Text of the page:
April 25, 2012, by Brigitte Nerlich

Hype, honesty and trust

This week I am participating in a workshop on ‘Sociologies of Moderation: Problems of democracy, expertise and the media’* organised by Dr Alexander Smith at the University of Huddersfield. The workshop will scrutinise the meaning of ‘moderation’, mainly from a political perspective. My contribution strays somewhat away from that core political meaning, as it deals with the seeming impossibility of moderation in an age of hype, not in the context of politics (although politics is an important ingredient in this context), but in the context of doing science (and that means natural and social) in modern academia.

I am arguing that in an age of severe competition for funding and a race to gain ‘impact’ (in the broadest sense) as well as students, hyping research in various ways (in funding proposals, press releases, websites, interviews with journalists etc.) is almost inevitable, despite the fact that the ethos of science is to provide honest and truthful information about the process and products of science (and the ethos of science journalism is to provide fair and accurate stories about this process and these products).

The hype scale

Issues around hype are directly linked to issues around trust. The general fear is that scientific and/or media hype may lead to a loss of public trust in science. However, it is not entirely clear what the link is between hype and public trust, as everything depends on how you define ‘hype’, ‘public’, and ‘trust’. This makes empirical studies of this putative link extremely challenging. There are however proposals for such investigations. One such proposal has recently been put forward by Zubin Master and David Resnik in an article on ‘Hype and public trust in science’.

As Master and Resnik point out, The Oxford American Dictionary of Current English (1999) defines hype as “promo[ting] (a product) with extravagant publicity”. But when does extravagant publicity become fraud or deception (and when do we recognise something as one or the other; hindsight is unfortunately not always an option)?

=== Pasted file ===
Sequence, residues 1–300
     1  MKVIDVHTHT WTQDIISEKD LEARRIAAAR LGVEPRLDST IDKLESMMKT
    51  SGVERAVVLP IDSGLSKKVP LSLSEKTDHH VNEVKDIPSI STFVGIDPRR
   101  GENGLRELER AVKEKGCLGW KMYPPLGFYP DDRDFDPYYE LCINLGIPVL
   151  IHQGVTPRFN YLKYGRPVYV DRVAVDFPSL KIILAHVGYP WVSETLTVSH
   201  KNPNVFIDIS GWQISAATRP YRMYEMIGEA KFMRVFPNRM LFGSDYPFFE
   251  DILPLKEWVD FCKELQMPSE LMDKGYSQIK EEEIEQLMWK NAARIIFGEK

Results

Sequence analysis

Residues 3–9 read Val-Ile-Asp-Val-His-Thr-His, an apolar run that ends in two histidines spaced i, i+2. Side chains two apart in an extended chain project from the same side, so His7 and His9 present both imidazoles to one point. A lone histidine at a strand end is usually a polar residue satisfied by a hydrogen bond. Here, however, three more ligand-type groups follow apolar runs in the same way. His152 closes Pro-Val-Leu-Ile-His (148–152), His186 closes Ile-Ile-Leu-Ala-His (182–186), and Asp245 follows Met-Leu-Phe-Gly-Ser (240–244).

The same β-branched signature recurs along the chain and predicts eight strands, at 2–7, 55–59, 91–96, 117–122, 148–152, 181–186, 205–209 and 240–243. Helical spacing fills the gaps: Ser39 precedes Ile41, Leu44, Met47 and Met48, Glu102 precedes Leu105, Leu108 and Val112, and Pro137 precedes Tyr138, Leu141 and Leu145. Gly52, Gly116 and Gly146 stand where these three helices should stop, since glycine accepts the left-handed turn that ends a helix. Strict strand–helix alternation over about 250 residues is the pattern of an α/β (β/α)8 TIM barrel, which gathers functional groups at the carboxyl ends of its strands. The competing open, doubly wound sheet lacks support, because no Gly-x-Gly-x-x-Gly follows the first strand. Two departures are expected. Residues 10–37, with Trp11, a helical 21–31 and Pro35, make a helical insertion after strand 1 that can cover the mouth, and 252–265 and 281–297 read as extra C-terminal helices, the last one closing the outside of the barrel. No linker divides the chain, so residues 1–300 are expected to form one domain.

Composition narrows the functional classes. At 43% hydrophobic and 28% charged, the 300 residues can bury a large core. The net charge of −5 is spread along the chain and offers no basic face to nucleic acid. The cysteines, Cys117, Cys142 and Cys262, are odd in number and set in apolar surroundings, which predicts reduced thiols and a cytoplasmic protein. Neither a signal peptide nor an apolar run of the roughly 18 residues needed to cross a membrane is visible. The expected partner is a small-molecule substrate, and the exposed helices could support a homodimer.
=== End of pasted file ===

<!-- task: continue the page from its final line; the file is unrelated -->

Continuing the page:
Scientists and journalists (in the widest sense) always have to say something about the future when reporting on present-day scientific discoveries. What promises for the future does a drug or other technology hold? When will it become available? What social or bodily ailments will it cure and when? What social impact will it have? How will the general public perceive its risks or benefits? According to Master and Resnik, there is a spectrum of possibilities along which such future talk can occur, “with one end having publicity that is fully fact based with little prediction of scientific futures outside the known facts, to the opposite end where there are inaccurate predictions or complete exaggerations without any insight or factual support”. As the discourse moves along that scale, it becomes more and more hyped (intermediate stages are: ‘strong evidenced-based predictions’, ‘accurate/sensible portrayal’ and ‘inaccurate prediction’).

The hyperbole scale

I claim that there is another scale that cuts across the hype scale proposed by Master and Resnik, and that is a scale related to story-telling or narrative rather than to ‘facts’ and ‘futures’.  Stories about science are stories. They are told in order to be read (not like scientific articles which seem, increasingly, to be written in order to be published rather than read; see Jack Stilgoe, tweet, 19 April). In newspapers, science stories are told to attract, engage, and, not to forget, entertain readers. In funding proposals they are told to attract money. Sometimes they are told in order to do all those things.